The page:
Wednesday, May 26, 2010

History Channel: Ancient Aliens: The Return

The History channel aired Episode 5 of “Ancient Aliens” on May 25, called “The Return”. Lest this sound like the last movement of Beethoven’s “Les Adieux” Sonata, be warned: this program examined, toward the end, how the world would react if there were incontrovertible evidence of alien visitation.


It also supposes that man got his great break from earlier alien visitations, as supposedly evidence by similarities of achievements and pyramids of ancient civilizations around the world.

There have been many movies that present an alien visitation (I like Shyamalan’s “Signs”) but none (not even “V” with Anna) have really shown how the world and media would deal with it. The foundations of our religious faiths would be shattered, or would they: in 2008, the Vatican admitted that alien life could exist, and the current Pope is open to the idea intellectually. The Vatican even has its own SETI.

In fact, the episode started with a history of SETI, and an account of a brief signal received by an Ohio astronomer in August 1977, which never recurred.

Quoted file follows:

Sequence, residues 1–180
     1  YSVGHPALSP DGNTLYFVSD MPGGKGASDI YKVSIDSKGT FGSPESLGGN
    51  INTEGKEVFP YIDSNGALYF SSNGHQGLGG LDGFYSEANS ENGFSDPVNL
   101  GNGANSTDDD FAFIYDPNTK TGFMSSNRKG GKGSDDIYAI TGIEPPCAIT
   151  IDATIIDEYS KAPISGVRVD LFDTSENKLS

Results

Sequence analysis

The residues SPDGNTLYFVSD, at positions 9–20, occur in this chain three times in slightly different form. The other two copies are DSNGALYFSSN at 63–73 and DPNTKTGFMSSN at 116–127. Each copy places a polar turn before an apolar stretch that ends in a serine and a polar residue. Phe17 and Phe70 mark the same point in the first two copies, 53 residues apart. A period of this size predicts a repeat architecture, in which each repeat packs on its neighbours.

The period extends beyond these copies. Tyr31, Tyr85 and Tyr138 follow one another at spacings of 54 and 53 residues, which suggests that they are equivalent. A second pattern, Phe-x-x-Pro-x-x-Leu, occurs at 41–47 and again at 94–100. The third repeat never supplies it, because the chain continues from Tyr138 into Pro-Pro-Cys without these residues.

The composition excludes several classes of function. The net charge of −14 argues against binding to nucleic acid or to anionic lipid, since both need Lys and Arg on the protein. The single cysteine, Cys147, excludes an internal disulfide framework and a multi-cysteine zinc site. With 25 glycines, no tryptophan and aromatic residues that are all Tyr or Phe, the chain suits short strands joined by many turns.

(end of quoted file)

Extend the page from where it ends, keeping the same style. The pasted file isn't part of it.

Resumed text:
The show gave an account of UFO lights over Los Angeles in February 1942, for which fighters scrambled, and goes on to speculate about Hitler’s interest in UFO’s. It covers Roswell in 1947, but more briefly than other films; however it suggests that the military was already prepped for an encounter, and that some of the bodies found in the field have never been identified as human or non-human.

Both FDR and Eleanor Roosevelt, according to the program, promoted the idea of a United Nations because we would need a “united front” to answer an alien encounter.

The show disagrees with Stephen Hawking’s assertion that if aliens contact us they might treat us the way the English colonists treated native Americans in the New World. They may have a sense of altruism, and may actually have seeded our human culture in ancient times, and intend for us to join them some day.

The narration had some gaffes, referring to finding a signal in a "consetllation" and then referring to the "Sirius constellation".  A constellation is a view of stars at varying distances from Earth. Sirius is the brightest star from Earth, about 8 light years away (actually a double star), and much younger than the Sun.

UFOReport extract from History Channel series on YouTube:



Wikipedia attribution link for image of Gen. Ramey balloon associated with Roswell incident,

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